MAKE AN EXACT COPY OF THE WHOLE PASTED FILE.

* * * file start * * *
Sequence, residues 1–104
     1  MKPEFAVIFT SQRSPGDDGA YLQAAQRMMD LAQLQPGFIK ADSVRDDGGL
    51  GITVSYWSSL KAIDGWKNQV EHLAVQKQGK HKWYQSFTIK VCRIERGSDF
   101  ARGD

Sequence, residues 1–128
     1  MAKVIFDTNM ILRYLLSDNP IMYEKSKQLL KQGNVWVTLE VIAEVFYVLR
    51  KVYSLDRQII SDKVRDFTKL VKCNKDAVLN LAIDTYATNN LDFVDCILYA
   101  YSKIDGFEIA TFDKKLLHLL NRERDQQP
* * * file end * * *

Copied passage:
Sequence, residues 1–104
     1  MKPEFAVIFT SQRSPGDDGA YLQAAQRMMD LAQLQPGFIK ADSVRDDGGL
    51  GITVSYWSSL KAIDGWKNQV EHLAVQKQGK HKWYQSFTIK VCRIERGSDF
   101  ARGD

Sequence, residues 1–128
     1  MAKVIFDTNM ILRYLLSDNP IMYEKSKQLL KQGNVWVTLE VIAEVFYVLR
    51  KVYSLDRQII SDKVRDFTKL VKCNKDAVLN LAIDTYATNN LDFVDCILYA
   101  YSKIDGFEIA TFDKKLLHLL NRERDQQP